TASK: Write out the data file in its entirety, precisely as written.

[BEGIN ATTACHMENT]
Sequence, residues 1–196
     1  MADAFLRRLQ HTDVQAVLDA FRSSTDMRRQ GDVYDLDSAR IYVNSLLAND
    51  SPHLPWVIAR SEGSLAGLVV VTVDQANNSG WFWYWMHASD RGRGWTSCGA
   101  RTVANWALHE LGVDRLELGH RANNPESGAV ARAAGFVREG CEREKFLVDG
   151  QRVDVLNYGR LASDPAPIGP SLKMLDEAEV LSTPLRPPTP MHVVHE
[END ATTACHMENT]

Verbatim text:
Sequence, residues 1–196
     1  MADAFLRRLQ HTDVQAVLDA FRSSTDMRRQ GDVYDLDSAR IYVNSLLAND
    51  SPHLPWVIAR SEGSLAGLVV VTVDQANNSG WFWYWMHASD RGRGWTSCGA
   101  RTVANWALHE LGVDRLELGH RANNPESGAV ARAAGFVREG CEREKFLVDG
   151  QRVDVLNYGR LASDPAPIGP SLKMLDEAEV LSTPLRPPTP MHVVHE